Review: The Mermaid and Mrs Hancock by Imogen Hermes Gowar

On a stormy night in 1785, a lonely middle-aged widow named Jonah Hancock, is waiting for his ship to return from its latest voyage around the Pacific. Mr Hancock is nervous – there has been no news of his ship, Calliope, of late. Soon all is explained, for Captain Tysoe Jones arrives at his door, having sold the Callipoe off the coast of Macao to pay for a fossilised mermaid.

From here on in Gowar’s debut novel follows Mr Hancock as he attempts to recoup the cost of his ship by exhibiting the mermaid. Slowly he is drawn into the orbit of Angelica Neal – a famous socialite in want of a good husband to keep her in the style she is accustomed.

This ad for the display of a small fossilized mermaid is from the British Museum where the author worked

This ad for the display of a small fossilized mermaid is from the British Museum where the author worked

Whilst this might be Gowar’s first novel, it doesn’t read that way. It reads like Jane Austen, but more so (if such a thing were possible) – like when Mr Hancock considers why he cares for his niece:

“A man without the immediate demands of wife and children finds himself called upon for a multitude of little wants elsewhere.”

If I’ve read a better version of “It is a truth universally acknowledged, that a single man in possession of a good fortune, must be in want of a wife” then I can’t remember it. Gowar’s whole style is like this, funny, warm, and witty – I zipped through 450 pages hardly blinking.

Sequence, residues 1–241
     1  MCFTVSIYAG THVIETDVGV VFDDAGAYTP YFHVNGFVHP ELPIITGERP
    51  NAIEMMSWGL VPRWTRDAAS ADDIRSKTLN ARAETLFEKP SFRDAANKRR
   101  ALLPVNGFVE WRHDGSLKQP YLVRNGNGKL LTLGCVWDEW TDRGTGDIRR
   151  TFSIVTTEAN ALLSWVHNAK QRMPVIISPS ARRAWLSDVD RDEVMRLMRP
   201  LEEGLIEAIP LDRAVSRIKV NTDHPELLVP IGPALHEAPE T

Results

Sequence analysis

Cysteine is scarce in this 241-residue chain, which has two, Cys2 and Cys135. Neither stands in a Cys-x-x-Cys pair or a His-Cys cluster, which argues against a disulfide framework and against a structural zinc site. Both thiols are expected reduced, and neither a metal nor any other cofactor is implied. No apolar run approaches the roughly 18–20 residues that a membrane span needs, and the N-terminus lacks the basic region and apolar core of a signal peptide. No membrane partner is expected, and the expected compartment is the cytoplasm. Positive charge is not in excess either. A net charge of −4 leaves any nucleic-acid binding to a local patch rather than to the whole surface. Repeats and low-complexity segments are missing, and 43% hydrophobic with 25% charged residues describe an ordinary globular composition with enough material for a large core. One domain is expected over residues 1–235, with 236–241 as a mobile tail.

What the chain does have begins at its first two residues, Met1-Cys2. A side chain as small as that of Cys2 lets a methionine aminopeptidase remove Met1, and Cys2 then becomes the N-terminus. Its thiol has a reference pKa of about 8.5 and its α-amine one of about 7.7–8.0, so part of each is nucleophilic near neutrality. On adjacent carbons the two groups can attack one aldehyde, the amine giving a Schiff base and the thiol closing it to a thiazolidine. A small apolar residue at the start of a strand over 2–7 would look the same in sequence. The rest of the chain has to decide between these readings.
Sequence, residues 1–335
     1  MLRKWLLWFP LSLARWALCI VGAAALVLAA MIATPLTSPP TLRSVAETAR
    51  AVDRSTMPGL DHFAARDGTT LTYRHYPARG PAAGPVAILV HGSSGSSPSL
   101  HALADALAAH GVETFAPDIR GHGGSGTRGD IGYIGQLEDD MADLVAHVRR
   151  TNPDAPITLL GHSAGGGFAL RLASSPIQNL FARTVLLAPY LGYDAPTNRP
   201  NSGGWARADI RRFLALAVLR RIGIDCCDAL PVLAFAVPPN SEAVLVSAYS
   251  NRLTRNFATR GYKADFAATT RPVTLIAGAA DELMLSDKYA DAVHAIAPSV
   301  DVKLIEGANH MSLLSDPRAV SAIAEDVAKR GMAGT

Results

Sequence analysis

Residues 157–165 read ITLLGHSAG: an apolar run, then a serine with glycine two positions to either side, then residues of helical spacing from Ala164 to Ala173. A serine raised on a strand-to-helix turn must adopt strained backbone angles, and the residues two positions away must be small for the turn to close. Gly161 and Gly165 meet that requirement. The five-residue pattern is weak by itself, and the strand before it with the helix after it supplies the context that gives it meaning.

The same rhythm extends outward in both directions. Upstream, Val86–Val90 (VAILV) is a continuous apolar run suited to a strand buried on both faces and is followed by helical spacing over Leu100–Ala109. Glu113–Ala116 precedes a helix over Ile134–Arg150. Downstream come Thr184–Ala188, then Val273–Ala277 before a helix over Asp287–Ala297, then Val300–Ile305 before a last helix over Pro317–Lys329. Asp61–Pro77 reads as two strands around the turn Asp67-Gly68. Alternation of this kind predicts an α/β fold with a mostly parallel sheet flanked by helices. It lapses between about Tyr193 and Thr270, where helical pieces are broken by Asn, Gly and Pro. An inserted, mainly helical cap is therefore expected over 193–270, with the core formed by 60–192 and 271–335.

Characters leap from the pages too – Mrs Lippard is, “fifty-five, as straight and cool as a steel pin, with ten fine children to exert her will upon the world“, while Mrs Chappell  “has the paws of a little rodent; pink and plumply tapered”. It’s all great fun – not a weak woman in sight, no passengers here, just well-formed characters who learn a different version of Angelica Neal’s number one lesson in life:

“It is better always to be fierce than to be sad”

Oh I’d recommend this easily enough. It’s fun, well written, and very satisfying. Certainly the most satisfying bit of new fiction I’ve read this year.


So what do you think? Have you read it? Did you like it? Would you recommend it?

Let me know in the comments!


If you’re after something similar, then I’d say this is the closest I’ve got for you:

Review: The Essex Serpent by Sarah Perry - A sumptuous affair about Cora Seabourne - Recently widowed, she heads to the sleepy town of Aldwinter on the Blackwater - partly to see if she can find evidence of a fabled Serpent that will make her name in the sciences, and partly to find her feet after being freed from her domineering husband.

But you might want to try this sumptuous book from last year too:

Review: A Gentleman in Moscow by Amor Towles - A wonderful book that will leave you with a smile on your face.
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